But how long can that go on before Republican voters get restless? Trump might bide his time until the midterms, believing that this problem can be solved by the electorate. If midterm voters replace a bunch of Senate Democrats with Republicans next year, McConnell may end up with a filibuster-proof majority or something close to it, with red-state Dems like Joe Manchin who survive the carnage capable of providing the remaining few votes needed to get to 60. The Senate map does favor the GOP, but history and Trump’s job approval do not; a CNN poll released a few days ago, in fact, found Democrats nine points ahead on the generic ballot. Republican gains in the midterms could be small or nonexistent. If they are, and if Trump has little to show legislatively for his first two years in office, the party will be staring at the likelihood of his first term ending with no major legislative accomplishments thanks to Democratic obstructionism. The Obama White House could shrug off Republican filibusters because they’d already passed the stimulus and health-care reform. Trump may have nothing like that when he runs for reelection. And Trump, even more so than Obama, ran as a president who’d bend the Washington swamp monsters to his will and make reform happen whether they want it to or not. If he ends up being bottled up because of the filibuster, his image as a “man of action” will come crashing down. Thanks to the health-care debacle, it’s starting to teeter already.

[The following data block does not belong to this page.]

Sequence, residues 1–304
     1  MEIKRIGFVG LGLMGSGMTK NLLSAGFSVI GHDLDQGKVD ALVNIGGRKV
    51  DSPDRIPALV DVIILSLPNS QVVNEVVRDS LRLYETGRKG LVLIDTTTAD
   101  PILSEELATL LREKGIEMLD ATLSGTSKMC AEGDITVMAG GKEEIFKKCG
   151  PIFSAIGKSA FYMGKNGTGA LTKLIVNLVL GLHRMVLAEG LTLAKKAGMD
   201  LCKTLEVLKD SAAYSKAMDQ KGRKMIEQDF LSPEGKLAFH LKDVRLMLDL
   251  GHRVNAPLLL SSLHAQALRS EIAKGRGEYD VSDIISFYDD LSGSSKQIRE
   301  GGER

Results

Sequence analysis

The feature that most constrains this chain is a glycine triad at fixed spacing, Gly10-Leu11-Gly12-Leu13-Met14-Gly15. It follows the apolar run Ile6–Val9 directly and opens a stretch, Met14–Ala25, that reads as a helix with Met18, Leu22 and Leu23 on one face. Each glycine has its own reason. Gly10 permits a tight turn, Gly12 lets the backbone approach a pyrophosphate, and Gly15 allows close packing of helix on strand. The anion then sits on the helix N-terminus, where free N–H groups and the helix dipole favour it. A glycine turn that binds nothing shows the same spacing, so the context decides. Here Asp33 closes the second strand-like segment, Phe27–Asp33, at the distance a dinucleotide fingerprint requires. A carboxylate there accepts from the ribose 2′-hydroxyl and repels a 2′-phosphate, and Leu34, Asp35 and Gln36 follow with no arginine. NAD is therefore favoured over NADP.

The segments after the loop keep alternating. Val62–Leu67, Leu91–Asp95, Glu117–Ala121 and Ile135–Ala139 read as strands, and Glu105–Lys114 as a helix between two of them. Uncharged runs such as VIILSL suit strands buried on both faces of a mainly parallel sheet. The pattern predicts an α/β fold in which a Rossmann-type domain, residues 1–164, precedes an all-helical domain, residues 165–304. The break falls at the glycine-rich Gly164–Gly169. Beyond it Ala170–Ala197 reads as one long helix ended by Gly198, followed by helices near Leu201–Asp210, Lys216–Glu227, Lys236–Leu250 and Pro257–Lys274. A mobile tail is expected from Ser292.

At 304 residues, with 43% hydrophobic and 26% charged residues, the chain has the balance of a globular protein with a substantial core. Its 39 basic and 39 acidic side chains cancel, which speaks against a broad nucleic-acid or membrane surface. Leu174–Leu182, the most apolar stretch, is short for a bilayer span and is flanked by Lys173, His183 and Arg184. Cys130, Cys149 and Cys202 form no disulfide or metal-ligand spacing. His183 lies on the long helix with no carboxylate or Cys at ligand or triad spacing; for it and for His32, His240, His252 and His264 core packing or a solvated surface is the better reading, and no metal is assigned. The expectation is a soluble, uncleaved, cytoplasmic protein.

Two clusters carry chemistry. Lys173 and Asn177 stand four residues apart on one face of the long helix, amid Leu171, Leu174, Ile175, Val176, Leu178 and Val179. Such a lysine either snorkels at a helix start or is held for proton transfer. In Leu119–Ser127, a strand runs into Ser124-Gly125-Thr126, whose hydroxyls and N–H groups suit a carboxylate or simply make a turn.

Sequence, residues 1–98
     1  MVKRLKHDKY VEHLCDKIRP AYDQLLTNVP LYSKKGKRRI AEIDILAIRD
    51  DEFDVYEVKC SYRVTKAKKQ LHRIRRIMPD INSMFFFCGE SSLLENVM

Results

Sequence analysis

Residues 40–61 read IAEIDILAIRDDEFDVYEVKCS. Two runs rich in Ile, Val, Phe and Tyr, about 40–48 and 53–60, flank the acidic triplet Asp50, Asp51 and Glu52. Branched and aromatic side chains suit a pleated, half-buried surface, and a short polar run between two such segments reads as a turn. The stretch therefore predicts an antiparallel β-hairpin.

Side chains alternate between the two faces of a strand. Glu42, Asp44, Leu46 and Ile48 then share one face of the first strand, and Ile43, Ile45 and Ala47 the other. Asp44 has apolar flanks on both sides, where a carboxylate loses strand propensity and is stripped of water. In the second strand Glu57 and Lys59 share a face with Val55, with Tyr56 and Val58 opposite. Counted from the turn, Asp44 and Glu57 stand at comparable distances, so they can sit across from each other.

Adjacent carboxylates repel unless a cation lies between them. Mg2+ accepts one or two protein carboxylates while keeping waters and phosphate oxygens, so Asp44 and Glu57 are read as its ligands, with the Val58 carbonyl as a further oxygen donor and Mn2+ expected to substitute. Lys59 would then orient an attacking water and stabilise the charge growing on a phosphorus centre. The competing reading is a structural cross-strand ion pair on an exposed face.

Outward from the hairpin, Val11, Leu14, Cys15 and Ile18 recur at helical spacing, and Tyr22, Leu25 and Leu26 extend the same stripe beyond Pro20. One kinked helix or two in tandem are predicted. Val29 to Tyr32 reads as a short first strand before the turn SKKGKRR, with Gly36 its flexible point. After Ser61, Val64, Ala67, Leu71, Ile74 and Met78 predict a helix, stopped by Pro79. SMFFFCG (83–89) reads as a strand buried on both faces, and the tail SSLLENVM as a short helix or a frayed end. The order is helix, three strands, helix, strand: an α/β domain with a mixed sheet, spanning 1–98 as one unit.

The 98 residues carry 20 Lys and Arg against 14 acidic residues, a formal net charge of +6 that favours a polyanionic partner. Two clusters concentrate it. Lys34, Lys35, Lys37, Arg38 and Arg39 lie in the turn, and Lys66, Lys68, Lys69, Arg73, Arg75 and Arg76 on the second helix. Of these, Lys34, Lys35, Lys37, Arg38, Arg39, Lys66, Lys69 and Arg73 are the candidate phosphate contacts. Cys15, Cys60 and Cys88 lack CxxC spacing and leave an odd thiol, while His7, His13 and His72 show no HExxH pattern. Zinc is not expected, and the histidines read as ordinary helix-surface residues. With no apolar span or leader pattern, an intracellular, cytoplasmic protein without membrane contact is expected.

So imagine it’s 2019, Republicans have gained just two seats in the Senate in the midterms, and there’s no relief in sight from Democratic obstructionism. Is Trump going to twiddle his thumbs while McConnell solemnly defends Schumer’s right to filibuster or is he going to tighten the screws by appealing his base to pressure Congress to end the 60-vote rule? Remember, according to grassroots righties, 2016 was no ordinary election. It was the “Flight 93 election,” the electorate’s last clear chance to avert remorseless decline and make America great again. If the stakes are that high, what’s the argument for not ending the filibuster and passing as much game-changing legislation with 51 votes as you can conceivably manage in 2019 and 2020? If that legislation is popular, great — Trump will likely be reelected and the voters will have implicitly endorsed the nuking of the filibuster. If it’s unpopular and he loses, bummer, but we had no choice except to bet big and try to steer the country off the track that it was on. Besides, Trump will tell his supporters, you know damn well the next Democratic president with a Democratic Senate majority isn’t going to let Republicans block his/her agenda like Dems have blocked Trump’s. They’ll nuke the legislative filibuster if we don’t nuke it first. So why not nuke it and at least reap some benefits from doing so?

Like I say, given the degree of opposition to the idea in the Senate, I doubt Trump will go all-in on the nuclear option until after the midterms. But he will go all-in on it eventually if the alternative is having his entire presidency effectively shut down by Chuck Schumer. After all, unlike the GOP, he has nothing to lose by doing so. And in the end, he’s looking out for number one.